Life and Depth, Death and Dying, and Coming Back To Life pt 1

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Life and Depth, Death and Dying, and Coming Back To Life pt 1

February 23, 2009 Popular 1

Lois Dickey, my Mom

Ok, here goes.  A week of mourning the death of my mother completes today, and now it’s back to business, though not as usual.  I need to re-enter the land of the living, but slowly, gently, carefully.  I want to bring with me all I’ve learned and experienced.  So I shall begin my return with a different sort of memory to share. 

Maybe it was 23 years ago or so. A then friend of mine, Joe Kogel, wrote a one man play, ‘Life and Depth,’ about his battle with cancer, and performed it for a few of us in someone’s living room.  Joe went on to perform his play on stage in Seattle and other places.  I remember the ending best.  It was about moments, great moments, and about welcoming moments that might be great.   Joe postulated that great moments gather somewhere in space/time and discuss where they’ve been, who welcomed them in and who turned them away.  He said he was now prepared to treat every moment like a great moment, just in case it was, and so he would get positive referrals when the moments meet.  I loved that ending.  I’ve tried to live that way for years.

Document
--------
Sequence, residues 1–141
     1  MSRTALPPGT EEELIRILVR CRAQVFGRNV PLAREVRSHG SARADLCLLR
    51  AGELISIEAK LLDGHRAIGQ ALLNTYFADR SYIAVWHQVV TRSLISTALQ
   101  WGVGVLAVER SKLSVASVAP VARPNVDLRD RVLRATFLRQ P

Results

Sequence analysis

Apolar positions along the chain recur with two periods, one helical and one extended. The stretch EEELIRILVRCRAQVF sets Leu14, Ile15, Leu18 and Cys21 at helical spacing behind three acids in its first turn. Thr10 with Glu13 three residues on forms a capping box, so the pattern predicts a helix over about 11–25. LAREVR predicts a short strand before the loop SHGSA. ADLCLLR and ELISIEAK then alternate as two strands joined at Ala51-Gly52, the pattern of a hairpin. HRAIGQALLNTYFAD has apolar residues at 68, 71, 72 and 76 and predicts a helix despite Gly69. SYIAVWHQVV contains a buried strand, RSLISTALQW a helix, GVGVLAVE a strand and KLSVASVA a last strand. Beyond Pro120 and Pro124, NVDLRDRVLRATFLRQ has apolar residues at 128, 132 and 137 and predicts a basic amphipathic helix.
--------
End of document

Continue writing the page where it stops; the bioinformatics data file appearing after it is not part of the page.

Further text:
That was then, this is now.  And that memory makes me think that perhaps this awful moment in my life, in which my mother has passed on and I’ve lived to experience it, might actually be a great one. Indeed, the experience of being here with my entire family – aunts, uncles, nieces, nephews, both of my siblings and all of our children; of getting support from so many friends both old and new and students and clients as well; of long conversations with my father as he finds himself facing a new chapter of his life after 65 years of daily partnership – well, in a word, it has been amazing.  

It has stirred me deeply.  Now that my mother has gone, I find myself giving a lot of thought to this subject of death and dying and what happens to us, the living, as a result.  Generationally, I know that it is our time to let go of our parents hands.  Many of my friends have gone through this.  Many are preparing to go through this.  I know I am not alone in this.